CLEVELAND — The Warriors played Tuesday as if they didn’t want to go home for a Game 7. Instead they longed to return to Oakland for a parade to celebrate the end of a 40-year drought.
The physicality and brilliance of LeBron James and a raucous Cavaliers crowd at Quicken Loans Arena paled in comparison to the Warriors depth and offensive execution in Game 6 of the NBA Finals.
A franchise that has been an NBA afterthought since its lone title in 1975 returned to glory behind a pair of baby-faced long-range shooters and a grizzled veteran who shined on his biggest stage.
Andre Iguodala, discarded three years ago by Philadelphia and a reserve for the entire regular season, continued his NBA Finals mastery while Stephen Curry hit some timely 3-pointers as the Warriors defeated the Cleveland Cavaliers, 105-97.
The Warriors won the final three games of the series after falling behind two games to one, imposing their up-tempo, perimeter shooting style will on the shorthanded Cavaliers.
Draymond Green, a potential Celtics free-agent target, finished with a triple double – 16 points, 11 rebounds and 10 assists – while Iguodala led the Warriors with 25 points, including three 3-pointers.
Iguodala was named series MVP, averaging 16.3 points, 5.8 rebounds and 4 assists and most importantly providing resistance for James, who attempted 193 shots in the series.
The 76ers dealt Iguodala, a one-time franchise cornerstone, to Denver three years ago, and the Warriors signed the swingman to a four-year, $48 million deal. He became a reserve this season, not starting until Game 4 of the Finals.
“I’m not surprised, I’m confident in my game,” was Iguodala’s response when asked about the MVP. “I’m too hard on myself most of the time. But I would have bet on Steph. I would have been on Draymond. I was just happy for winning the ring. I didn’t care about anything else.”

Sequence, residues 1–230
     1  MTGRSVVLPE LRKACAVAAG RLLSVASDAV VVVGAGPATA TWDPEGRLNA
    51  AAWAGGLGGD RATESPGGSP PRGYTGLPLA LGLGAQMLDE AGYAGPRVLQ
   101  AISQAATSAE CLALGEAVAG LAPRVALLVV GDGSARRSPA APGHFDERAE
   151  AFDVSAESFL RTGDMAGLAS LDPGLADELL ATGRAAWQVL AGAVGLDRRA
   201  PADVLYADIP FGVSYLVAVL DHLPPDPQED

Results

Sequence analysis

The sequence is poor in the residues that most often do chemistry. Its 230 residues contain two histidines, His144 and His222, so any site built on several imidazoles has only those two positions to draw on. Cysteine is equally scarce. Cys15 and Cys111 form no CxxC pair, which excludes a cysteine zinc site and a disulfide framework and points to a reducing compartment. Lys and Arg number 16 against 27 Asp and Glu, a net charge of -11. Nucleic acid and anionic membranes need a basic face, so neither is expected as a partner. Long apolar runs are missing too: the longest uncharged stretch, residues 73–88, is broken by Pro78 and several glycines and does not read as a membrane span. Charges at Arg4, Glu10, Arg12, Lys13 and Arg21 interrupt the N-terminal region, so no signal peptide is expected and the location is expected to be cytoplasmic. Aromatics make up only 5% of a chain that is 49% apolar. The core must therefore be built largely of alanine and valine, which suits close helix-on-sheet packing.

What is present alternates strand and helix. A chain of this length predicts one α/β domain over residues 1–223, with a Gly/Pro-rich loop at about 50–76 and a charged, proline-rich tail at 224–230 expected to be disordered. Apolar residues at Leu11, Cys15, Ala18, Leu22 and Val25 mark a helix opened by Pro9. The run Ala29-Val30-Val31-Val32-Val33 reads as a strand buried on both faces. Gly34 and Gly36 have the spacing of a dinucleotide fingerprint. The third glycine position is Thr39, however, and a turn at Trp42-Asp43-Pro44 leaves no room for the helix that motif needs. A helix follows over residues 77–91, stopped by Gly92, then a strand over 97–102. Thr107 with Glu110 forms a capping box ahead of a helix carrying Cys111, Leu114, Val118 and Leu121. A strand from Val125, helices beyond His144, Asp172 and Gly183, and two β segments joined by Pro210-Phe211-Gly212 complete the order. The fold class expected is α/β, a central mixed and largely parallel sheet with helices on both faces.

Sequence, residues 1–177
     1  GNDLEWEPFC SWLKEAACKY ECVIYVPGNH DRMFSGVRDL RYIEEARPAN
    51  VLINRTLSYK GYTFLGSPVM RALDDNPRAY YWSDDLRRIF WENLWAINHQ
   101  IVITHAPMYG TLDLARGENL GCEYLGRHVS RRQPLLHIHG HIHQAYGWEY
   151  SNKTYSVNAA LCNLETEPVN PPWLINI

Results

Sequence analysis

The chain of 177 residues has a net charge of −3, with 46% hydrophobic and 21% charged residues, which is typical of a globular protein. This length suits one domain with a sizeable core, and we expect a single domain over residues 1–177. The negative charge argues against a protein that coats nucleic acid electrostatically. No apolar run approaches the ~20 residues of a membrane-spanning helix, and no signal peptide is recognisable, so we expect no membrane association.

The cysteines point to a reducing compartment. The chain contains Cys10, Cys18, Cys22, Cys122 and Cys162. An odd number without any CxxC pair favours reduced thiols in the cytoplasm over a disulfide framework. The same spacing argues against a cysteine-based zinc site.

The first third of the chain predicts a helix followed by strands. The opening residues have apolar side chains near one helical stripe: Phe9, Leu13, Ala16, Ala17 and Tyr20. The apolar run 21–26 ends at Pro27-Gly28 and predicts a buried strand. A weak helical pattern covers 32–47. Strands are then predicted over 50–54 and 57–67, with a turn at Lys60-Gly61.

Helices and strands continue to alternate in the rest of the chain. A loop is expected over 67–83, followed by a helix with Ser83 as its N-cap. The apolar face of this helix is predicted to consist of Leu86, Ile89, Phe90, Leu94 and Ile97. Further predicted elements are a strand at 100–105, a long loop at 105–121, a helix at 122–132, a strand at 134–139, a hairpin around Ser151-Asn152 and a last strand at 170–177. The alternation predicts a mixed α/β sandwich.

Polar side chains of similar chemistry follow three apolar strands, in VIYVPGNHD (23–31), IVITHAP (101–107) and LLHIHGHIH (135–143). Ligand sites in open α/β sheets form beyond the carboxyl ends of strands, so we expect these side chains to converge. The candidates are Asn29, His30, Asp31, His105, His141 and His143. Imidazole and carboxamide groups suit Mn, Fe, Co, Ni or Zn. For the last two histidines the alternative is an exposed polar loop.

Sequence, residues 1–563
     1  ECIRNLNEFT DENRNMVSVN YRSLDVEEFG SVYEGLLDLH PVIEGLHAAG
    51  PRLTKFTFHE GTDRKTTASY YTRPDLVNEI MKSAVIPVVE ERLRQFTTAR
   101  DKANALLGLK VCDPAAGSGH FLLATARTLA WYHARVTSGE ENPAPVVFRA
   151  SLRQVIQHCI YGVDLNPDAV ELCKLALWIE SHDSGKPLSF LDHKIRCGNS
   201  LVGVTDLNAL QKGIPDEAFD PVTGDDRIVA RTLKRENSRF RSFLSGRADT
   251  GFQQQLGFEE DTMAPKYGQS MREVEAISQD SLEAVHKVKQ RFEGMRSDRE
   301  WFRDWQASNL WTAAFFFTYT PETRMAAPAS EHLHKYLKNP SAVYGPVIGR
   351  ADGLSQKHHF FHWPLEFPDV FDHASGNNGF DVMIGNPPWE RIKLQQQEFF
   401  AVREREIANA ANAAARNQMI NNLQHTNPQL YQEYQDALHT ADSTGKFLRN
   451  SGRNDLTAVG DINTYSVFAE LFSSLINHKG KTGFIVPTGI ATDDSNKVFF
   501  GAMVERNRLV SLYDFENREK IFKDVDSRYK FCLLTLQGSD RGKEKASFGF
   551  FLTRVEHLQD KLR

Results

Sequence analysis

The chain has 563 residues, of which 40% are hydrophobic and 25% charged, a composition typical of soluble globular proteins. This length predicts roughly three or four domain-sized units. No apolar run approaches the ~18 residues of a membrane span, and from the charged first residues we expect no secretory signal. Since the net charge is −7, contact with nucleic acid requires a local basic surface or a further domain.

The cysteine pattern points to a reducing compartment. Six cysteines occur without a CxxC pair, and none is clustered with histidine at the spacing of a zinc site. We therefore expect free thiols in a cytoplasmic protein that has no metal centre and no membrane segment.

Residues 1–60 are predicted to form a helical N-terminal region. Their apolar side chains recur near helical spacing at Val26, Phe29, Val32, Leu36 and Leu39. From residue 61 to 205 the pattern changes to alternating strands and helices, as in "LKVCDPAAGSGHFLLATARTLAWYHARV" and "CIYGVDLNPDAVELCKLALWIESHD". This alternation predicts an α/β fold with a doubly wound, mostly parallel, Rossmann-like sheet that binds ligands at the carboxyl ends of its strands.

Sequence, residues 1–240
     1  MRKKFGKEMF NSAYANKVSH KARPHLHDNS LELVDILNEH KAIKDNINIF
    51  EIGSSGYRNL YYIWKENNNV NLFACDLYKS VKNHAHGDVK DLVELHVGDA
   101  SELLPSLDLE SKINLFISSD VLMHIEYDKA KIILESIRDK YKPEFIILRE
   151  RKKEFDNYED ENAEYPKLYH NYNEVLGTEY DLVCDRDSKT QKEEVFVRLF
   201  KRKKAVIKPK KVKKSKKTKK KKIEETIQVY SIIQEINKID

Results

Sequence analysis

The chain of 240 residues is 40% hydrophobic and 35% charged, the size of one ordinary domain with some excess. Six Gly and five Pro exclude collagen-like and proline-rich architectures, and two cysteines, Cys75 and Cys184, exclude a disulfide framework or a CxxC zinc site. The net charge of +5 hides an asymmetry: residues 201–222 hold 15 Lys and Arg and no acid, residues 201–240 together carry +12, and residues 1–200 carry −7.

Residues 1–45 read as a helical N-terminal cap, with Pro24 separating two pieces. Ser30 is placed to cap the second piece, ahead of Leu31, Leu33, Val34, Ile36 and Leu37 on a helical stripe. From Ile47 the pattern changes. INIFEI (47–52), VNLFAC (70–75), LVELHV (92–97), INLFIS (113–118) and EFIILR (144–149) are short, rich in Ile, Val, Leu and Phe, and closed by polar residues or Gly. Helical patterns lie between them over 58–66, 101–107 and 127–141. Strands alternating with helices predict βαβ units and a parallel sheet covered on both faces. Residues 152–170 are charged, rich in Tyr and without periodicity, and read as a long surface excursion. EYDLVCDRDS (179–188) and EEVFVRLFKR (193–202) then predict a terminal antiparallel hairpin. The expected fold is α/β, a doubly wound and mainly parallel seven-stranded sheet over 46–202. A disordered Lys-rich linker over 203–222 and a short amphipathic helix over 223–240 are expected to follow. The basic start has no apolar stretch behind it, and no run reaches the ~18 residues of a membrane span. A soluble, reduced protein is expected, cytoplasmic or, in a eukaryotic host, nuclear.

James, who was dominant for most of the series, just appeared exhausted. Some expected a mammoth game to keep the series alive, and James scored 32 points on 13-for-33 shooting with 18 rebounds and 9 assists. While those numbers were close to his previous performances, he seemed to lack energy after practically carrying the Cavaliers to this point – without All-Stars Kyrie Irving and Kevin Love.
“Tried as much as we could to try to make up for those guys, but it’s a lot of talent sitting in suits,” James said. “I’ve had a lot of playoff runs, been on both ends, and I know one thing that you’ve got to have during the playoff run, you’ve got to be healthy. You’ve got to be healthy. You’ve got to be playing great at the right time. You’ve got to have a little luck. And we were playing great, but we had no luck and we weren’t healthy.”
It was the second consecutive NBA Finals loss for James, who is now 2-4 in the Finals and his dream of bringing Cleveland its first major professional sports title until 1964 will have to wait at least another year.
“You lose in the Finals, they’re all disappointing,” said James, who received four of 11 MVP votes from selected media members. “Doesn’t matter if I’m playing in Miami or playing Cleveland or playing on Mars. You lose in the Finals, it’s disappointing.”
Cleveland’s last lead was 47-45 after a Tristan Thompson layup early in the third quarter. The Warriors responded with a game-controlling 9-0 run and the Cavaliers were left scrambling to stay close.